Women in the Senate? A commentary on Tammy Baldwin’s presentation at the CHF

Over the weekend, I attended Tammy Baldwin’s session on women in government. Her talk was chiefly about how women behave inherently differently in government than men do, and how more women (and minorities) in government will more accurately represent the people (i.e. so a selection of people from one small group doesn’t have to represent all the groups). She described how because there are fewer women in government, although they may have hugely differing ideas, “at the end of the day, we choose not to fight”. She said they tend to mediate more arguments between parties, and settle disputes into bipartisan agreements. She says that because of this, the addition of women makes for a more peaceful and competent Congress. Although I may be a bit offed by some of the things she said, I have to admit that in my experience, she is largely right. For the most part, women are definitely more peaceful than men, and although this can lead to suppression of their voice, it also means they can settle arguments quicker and more peaceably than men, which is a great thing to have in Congress. They can also offer different lines of thinking when solving a problem, which helps push equal representation of the people’s will.

She then moved on to her own decisions, and the obstacles she overcame. She said most women do not try to go into government because they are told they cannot, either explicitly or subliminally. She noted that politics is mostly spoken of in terms of sports or battles, which are generally considered men’s activities (I realize that there are plenty of women who go to war or appreciate sports, but it must be acknowledged that these things are chiefly dominated by men). So when people talk politics, they use terms that are most commonly associated with men, and that men can therefore relate to better. She also said that sometimes women don’t try to do things because they feel inadequate, though she didn’t elaborate on this. She said that although it is easier to do things when they’ve already been done before, “if you wait until things are easy, you’ll be waiting all your life”. She said she didn’t run to make history, but I think she can serve as a great example for aspiring female or minority politicians. In my opinion, she showed that running for office as someone who is unexpected to is possible, that it helps balance the Congressional scale of equal representation, and that it can serve as an inspiration for others to do the same.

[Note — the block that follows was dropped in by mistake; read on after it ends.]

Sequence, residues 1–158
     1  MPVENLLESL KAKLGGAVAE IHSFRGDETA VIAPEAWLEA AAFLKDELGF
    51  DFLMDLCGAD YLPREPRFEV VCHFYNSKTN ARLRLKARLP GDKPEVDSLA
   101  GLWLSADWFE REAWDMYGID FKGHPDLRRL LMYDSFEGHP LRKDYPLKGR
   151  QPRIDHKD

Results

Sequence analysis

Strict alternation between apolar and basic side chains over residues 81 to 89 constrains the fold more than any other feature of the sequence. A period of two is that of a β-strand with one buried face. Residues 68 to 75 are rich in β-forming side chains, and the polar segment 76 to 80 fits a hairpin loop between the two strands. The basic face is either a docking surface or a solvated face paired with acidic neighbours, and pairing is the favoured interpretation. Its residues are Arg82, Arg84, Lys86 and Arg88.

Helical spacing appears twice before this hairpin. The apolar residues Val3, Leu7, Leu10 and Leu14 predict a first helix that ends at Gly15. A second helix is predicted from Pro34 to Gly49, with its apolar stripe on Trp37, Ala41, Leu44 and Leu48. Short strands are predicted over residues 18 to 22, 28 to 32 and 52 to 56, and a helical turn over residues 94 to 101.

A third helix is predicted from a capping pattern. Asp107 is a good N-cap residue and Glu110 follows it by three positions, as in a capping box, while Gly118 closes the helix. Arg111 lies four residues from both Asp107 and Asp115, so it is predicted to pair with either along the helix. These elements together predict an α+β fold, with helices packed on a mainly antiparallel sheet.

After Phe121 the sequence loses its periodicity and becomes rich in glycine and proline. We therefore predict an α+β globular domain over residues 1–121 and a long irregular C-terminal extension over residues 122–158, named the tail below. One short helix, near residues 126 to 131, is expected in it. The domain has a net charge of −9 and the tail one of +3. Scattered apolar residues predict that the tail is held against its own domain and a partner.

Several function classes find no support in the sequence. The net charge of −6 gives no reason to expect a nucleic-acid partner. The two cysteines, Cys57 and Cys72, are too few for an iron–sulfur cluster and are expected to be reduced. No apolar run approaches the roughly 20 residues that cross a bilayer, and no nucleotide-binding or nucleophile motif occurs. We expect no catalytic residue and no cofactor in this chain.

P.S. I also went to David Axelrod’s session at the CHF, and I noticed that unlike the pink lights used at this session, the lights they used there were blue.


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